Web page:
It is my hope that each Christian who comes to King’s Cross Church will find reason to wait faithfully and hope confidently on the divine promises to be fulfilled by the God who has always kept His promises. For those who may not yet trust in Christ, I pray that through experiencing the Advent season, the Holy Spirit will cause you to hope in Christ, bringing peace to your soul, resulting in joy that cannot be killed, because you have experienced the love of God for the first time. For all who trust in Jesus, there will be a time when sin will be no more and faith will be sight. There will be a time when patience will be relieved by experience, and longing will be fulfilled by a life lived in the presence of God. Until that day, we should tell the tales of God’s faithfulness over and over again. As my favorite songwriter, Andrew Peterson, writes, “Gather ‘round, ye children, come. Listen to the old, old story of the power of death undone by an infant born of glory. Son of God. Son of man.”
The most viscerally divisive election of my lifetime (I turned 42 years-old today) is over. Regardless of the Electoral College result, the reaction this morning would have been the same. The country is divided. We’ve known that instinctively for a long time and now we have the data to back it up.
This morning the same expert political pundits who told us that Bernie couldn’t challenge Hillary, that Trump couldn’t get the GOP nomination, and that Trump had no chance at winning the general election, are writing columns and filling airtime telling us why this happened and what it means moving forward.
I’m neither political expert nor pundit. I’m a pastor. I’ll leave the political analysis to those better equipped to handle it than I am.
However, what matters most today is not “Political Insider” analysis, stock market futures, celebrity reactions, the dissection of acceptance/concession speeches, or social media trending topics.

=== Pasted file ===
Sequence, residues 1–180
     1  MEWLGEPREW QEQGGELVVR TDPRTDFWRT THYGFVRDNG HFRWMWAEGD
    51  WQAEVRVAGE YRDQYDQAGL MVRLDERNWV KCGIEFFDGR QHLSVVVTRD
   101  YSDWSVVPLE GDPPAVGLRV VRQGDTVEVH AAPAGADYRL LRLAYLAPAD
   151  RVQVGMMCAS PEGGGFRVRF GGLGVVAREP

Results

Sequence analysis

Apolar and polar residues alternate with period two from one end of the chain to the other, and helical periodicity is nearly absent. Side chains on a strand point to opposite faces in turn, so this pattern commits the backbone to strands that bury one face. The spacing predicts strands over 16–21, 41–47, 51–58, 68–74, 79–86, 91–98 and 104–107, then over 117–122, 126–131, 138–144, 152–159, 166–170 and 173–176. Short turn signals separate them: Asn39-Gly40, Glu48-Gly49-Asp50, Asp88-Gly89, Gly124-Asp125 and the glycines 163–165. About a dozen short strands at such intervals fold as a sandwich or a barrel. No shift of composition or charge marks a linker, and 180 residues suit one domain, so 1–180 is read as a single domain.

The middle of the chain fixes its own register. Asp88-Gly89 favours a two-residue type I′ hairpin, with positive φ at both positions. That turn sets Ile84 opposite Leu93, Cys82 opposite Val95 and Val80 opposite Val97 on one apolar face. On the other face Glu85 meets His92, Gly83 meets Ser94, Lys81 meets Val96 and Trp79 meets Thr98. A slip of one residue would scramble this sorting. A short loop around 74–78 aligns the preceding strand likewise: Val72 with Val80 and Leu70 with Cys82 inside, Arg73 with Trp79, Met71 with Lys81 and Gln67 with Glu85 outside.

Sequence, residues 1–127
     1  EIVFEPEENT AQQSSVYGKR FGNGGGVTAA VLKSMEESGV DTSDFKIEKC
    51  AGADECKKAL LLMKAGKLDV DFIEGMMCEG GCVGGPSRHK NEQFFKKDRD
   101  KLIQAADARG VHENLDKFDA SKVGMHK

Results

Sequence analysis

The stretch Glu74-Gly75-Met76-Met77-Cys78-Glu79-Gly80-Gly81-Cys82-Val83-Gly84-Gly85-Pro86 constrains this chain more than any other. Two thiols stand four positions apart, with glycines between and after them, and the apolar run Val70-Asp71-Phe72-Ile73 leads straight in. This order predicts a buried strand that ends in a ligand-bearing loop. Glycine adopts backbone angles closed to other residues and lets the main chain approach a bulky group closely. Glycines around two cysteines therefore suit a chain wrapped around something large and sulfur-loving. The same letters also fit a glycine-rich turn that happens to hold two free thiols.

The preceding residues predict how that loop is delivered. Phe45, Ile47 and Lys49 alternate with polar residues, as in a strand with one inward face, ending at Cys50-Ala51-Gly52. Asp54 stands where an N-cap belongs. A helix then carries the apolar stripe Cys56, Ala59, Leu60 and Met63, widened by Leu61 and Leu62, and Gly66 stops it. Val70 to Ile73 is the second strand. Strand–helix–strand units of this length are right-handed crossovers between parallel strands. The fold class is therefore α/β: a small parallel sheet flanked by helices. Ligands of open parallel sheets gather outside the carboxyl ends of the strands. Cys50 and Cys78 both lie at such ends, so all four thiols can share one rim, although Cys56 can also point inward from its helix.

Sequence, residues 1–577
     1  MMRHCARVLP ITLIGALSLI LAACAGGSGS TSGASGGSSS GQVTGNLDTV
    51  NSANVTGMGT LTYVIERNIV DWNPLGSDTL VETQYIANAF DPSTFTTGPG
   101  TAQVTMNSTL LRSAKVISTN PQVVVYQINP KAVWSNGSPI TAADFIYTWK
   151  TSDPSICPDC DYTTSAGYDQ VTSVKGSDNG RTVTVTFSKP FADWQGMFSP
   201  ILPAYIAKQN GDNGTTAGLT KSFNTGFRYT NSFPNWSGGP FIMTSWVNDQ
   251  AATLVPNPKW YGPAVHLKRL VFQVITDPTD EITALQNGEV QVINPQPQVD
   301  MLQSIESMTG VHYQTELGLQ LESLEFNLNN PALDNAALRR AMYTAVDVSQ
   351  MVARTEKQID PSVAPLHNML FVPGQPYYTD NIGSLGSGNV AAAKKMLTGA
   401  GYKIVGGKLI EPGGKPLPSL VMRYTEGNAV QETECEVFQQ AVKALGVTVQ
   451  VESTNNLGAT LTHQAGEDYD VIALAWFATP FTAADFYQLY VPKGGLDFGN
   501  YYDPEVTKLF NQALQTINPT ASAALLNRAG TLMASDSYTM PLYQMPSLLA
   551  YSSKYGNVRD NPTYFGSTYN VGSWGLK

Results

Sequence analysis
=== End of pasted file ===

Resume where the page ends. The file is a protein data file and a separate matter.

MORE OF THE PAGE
What matters most today (and, by the way, every other day too!) is how ordinary people interact with one another as they go about their ordinary lives. What do I do today? What should the two hundred people in our largely unknown church plant in Charleston, SC do today? How should we be thinking about the future? How should we be talking to our friends, family, coworkers, and neighbors?
Matthew 22:35-40 is a well-known passage about Jesus that I think gives us the answer to that question. It goes like this:
“And one of them, a lawyer, asked [Jesus] a question to test him. “Teacher, which is the great commandment in the Law?” And he said to him, “You shall love the Lord your God with all your heart and with all your soul and with all your mind. This is the great and first commandment. And a second is like it: You shall love your neighbor as yourself. On these two commandments depend all the Law and the Prophets.”
As a pastor, I know that sometimes the simple answers are easy to point out, but hard to live out. Love God with all my heart, soul and mind? I don’t think I have lived up to that simple standard on even a single day of my life! Simple isn’t always easy.
With that in mind, here are four practical ways that you can “love your neighbor (e.g. family, friends, coworkers, classmates, literal neighbors, etc…) as yourself” in the wake of the election results:
1. Listen to people more.
There is a very good chance that your neighbors feel personally marginalized, politically disillusioned, socially betrayed, and nervous, if not outright scared, about the future regardless of whom they voted for. That is a problem.
People you know and love felt/feel like:
You may agree or disagree with their perspective of the problem(s). You may agree or disagree with their perceived solution(s) to the same. What I plead with you not to do is dismiss them or tell them that they shouldn’t feel the way they feel.
Loving your neighbor as yourself means acknowledging the concerns that led them to vote are just as real and as valid as yours. It means asking why they are hopeful/fearful today, rather than telling them not to be. It means listening to their American experience, rather than assuming your reality is, or should be, normative.
You can learn a lot more by listening than by talking. So, rather than teeing off on the next person who views this election differently than you… love them enough to slow down and learn why they feel as they do.
Love your neighbors by listening to them more.
2. Listen to more people.
How is it possible that literally every poll got this election wrong? Millions of dollars were spent, hundreds of polls were taken, months of programming on TV went by…and yet it was not until the early evening of Tuesday’s election returns that the possibility of Donald Trump actually winning the election began to make its way into the mainstream conversation.
How does that happen? Pollsters made the same mistake professionally that so many of us make personally: they needed to listen to more people.